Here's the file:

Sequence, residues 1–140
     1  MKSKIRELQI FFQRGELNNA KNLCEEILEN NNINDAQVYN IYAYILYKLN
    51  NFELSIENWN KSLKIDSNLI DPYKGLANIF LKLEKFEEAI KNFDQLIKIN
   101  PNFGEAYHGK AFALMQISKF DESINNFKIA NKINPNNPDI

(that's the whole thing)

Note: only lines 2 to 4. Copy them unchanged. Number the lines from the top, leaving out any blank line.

     1  MKSKIRELQI FFQRGELNNA KNLCEEILEN NNINDAQVYN IYAYILYKLN
    51  NFELSIENWN KSLKIDSNLI DPYKGLANIF LKLEKFEEAI KNFDQLIKIN
   101  PNFGEAYHGK AFALMQISKF DESINNFKIA NKINPNNPDI